Veterinary Homeopathy

Ask the Holistic Vet – Dr. Deva Khalsa – April 2020

veterinary

Holistic veterinarian Dr. Deva Khalsa answers questions this month about teeth in an English Labrador, a fatty tumor in a Bichon, an aggressive cat, and a female dog losing her hair. SEND YOUR QUESTIONS TO: [email protected] by the 7th of the month to have them answered in that month’s issue.

Hello Dr. Khalsa,

We have a female English chocolate lab.  I am concerned about the excessive wear on her teeth. She is fed raw food, a fish blend in the morning, and a few raw chicken ribs from the breast portion for a snack in the afternoon and eats a tripe, beef and chicken mix for her last meal.

We have not given her other bones to chew since she was four to five years of age and even then, they were limited to one a week. Her diet is the same as was with our previous Labrador and mixed breed dog that did not experience wear on her teeth.

She is very active and walks, hikes, retrieves and swims daily with several other dogs that I walk throughout the week. She is a confident dog, and quite a talker/whiner and loves to swim.  I expect some of the wear is due to her habit of diving under water and retrieving rocks when the other dogs challenge her for her sticks. I have been tossing sticks that will sink the last few years to keep her from wearing her teeth further on rocks.

She has a voracious appetite but is not overweight (31 kg).

I gave her Calcarea carbonica in a 200 CH potency three weeks ago and have used it a few times previously.  She has a strong constitution and a shiny coat with only a touch of gray under her chin.  She does not like the heat but is not excessively thirsty and does not have any fears.

She also has 2 lumps halfway down the midway section of her spine and another one on her chest.

Thank you
Valerie     

Dr. Deva Khalsa:

Different species have different dental responses to trauma. The teeth of cows and horses grow throughout their lives. Dogs have a dentin layer that grows over the rubbed down tooth. Humans do not have that. Many dogs chew rocks and the resultant damage to their teeth would cause great pain if the same were to happen to humans. But dogs grow back a protective dentin layer, although I do not believe any enamel grows back. As far as I know, there is no homeopathic remedy that grows teeth!    Calc carb is a good constitutional remedy, in many cases, for the typical Labrador Retriever. It fits them very well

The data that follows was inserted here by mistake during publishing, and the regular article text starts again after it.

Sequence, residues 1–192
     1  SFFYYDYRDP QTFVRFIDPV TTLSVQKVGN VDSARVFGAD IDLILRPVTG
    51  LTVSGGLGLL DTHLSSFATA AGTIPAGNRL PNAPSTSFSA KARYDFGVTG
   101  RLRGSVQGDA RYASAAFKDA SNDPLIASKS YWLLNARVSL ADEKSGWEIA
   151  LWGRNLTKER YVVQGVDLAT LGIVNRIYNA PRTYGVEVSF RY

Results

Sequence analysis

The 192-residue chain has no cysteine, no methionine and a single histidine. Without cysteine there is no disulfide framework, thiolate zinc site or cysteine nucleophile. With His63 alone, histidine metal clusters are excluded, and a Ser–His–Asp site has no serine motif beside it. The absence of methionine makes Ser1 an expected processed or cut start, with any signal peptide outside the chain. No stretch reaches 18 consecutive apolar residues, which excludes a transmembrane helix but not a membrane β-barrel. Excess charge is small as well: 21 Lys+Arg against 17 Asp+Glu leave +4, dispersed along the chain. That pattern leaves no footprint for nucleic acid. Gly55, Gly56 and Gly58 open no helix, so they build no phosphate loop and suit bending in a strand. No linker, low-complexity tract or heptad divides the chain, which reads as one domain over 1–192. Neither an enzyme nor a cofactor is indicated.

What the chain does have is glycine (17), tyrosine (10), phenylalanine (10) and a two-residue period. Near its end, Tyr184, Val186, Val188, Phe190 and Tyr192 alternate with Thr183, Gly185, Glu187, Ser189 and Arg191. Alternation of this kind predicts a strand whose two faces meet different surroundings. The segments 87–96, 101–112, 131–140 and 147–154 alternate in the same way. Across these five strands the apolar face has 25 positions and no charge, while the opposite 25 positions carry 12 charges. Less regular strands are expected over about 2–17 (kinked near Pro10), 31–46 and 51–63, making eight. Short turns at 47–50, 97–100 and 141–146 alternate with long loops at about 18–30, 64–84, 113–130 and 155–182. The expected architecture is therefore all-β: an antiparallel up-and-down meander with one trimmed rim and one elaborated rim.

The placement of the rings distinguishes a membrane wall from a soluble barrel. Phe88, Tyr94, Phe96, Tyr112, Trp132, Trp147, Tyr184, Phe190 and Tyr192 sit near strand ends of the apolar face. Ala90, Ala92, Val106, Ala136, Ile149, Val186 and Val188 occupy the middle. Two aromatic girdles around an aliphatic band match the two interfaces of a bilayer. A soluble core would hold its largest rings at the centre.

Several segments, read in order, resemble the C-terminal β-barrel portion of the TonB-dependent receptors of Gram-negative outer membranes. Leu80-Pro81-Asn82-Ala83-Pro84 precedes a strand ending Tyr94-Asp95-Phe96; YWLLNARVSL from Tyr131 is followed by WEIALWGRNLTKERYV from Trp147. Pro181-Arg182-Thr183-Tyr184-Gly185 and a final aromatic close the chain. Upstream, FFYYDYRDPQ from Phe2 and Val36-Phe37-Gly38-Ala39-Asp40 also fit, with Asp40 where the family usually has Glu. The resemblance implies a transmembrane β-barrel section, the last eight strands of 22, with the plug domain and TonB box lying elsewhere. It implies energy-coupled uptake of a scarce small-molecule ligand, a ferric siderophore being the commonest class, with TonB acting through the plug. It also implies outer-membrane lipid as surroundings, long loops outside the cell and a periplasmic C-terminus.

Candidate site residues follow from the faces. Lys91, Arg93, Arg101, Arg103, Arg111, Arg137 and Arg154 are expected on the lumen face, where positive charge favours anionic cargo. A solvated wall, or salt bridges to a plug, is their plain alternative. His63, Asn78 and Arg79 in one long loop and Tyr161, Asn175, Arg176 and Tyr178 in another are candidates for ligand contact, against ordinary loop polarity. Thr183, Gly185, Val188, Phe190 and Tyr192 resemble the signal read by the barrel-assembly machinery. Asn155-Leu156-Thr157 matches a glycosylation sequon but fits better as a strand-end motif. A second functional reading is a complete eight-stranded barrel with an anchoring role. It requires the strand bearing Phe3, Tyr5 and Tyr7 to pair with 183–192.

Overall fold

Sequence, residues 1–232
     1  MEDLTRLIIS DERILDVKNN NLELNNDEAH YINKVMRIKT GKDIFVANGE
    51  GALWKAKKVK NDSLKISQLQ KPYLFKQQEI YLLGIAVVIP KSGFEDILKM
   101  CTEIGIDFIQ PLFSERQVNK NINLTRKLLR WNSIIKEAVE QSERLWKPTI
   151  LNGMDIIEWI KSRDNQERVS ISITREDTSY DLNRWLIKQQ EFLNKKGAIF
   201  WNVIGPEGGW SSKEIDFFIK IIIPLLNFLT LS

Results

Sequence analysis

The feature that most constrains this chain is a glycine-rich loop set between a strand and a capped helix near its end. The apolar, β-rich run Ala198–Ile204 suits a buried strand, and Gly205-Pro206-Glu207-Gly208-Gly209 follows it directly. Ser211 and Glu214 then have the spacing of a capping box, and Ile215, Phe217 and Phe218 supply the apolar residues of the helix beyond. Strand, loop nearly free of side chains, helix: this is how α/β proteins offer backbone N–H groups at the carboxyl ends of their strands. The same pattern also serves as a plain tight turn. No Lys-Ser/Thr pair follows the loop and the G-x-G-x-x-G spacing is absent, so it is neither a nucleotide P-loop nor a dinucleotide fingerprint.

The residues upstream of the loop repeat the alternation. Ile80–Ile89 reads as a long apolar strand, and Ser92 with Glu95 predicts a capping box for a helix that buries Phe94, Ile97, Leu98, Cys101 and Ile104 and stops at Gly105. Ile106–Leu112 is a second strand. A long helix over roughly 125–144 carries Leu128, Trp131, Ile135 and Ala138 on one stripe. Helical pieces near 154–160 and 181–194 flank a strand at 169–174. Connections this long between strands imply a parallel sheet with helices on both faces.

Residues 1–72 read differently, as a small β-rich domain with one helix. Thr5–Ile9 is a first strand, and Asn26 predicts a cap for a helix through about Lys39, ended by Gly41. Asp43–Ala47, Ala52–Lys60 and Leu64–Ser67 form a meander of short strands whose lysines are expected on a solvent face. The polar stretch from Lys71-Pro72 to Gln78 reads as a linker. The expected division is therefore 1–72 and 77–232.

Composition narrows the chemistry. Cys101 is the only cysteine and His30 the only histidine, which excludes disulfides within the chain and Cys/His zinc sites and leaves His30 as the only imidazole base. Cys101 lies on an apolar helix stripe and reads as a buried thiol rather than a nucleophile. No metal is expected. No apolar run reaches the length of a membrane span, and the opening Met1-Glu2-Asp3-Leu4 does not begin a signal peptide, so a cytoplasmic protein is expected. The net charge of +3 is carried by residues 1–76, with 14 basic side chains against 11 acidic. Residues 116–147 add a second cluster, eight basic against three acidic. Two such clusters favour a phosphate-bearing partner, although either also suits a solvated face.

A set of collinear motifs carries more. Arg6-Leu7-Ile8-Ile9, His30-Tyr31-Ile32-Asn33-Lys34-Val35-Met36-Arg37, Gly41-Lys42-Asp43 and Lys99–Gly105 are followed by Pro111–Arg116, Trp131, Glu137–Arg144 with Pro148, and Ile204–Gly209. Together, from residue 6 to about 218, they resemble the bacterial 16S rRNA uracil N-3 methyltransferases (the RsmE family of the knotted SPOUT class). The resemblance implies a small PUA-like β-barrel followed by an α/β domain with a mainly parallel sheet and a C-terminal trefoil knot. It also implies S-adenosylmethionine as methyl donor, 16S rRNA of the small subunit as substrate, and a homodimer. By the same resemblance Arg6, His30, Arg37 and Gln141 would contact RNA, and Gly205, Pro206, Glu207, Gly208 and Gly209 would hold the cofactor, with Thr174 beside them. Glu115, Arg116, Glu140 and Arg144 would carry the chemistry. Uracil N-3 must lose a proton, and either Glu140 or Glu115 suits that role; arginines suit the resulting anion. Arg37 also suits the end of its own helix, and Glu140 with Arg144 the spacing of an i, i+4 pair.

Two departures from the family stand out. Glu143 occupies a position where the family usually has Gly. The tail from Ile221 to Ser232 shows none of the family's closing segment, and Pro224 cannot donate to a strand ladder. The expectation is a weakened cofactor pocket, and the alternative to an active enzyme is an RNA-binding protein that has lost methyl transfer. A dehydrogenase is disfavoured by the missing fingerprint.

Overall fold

Dear Dr. Khalsa,

My 13-year old Bichon has a large fatty tumor on her right side. In 2010 I had one removed from the same spot on her right side. The Vet said it could come back and it has. I do not want to put her through surgery again. At times it seems like she has to labor for breath. Pants a lot. Her breath is foul and she has severe cataracts in both eyes.  Her teeth are not in the best of shape either. I want to make the rest of her life as pleasant as I can.  Any suggestions?

Robin Coventry [email protected]

Dr. Deva Khalsa:

I do not think the mass, which is most likely a lipoma, is causing foul breath and laboring for breath.  I would have her heart listened to and checked out.  I would get her a full complete blood test with a CBC, Chemistry Panel and Thyroid test.  Parsley in the food or a little bit of a good plain yogurt is often good for bad breath but until I had a full work up – chest listened to and blood tests – particularly at her age, I would not feel comfortable suggesting remedies.


Dear Dr. Khalsa,

Last year my husband and I got adopted by a cat.  It simply moved into our yard and started living there. At first it seemed very wild and mistrustful, and it ran away every time it saw us. Gradually, it got used to us, so I started buying cat food and feeding it. However, until recently we kept a certain distance from the cat, as it was fairly aggressive, with unpredictable behaviour. It would seem friendly, and even beg for attention, then furiously attack us when we attempt to pet it, or while petting it.

I made some enquiries in the neighbourhood, and it turned out that the cat belonged to our next door neighbours. Apparently, it is 12-years old, male. According to the neighbours, it has always been a bit feisty and wild. The neighbours have two children and two very young cats, and they told me they do not want this cat, because of its behaviour. (In fact, the whole neighbourhood is a bit scared of the cat.)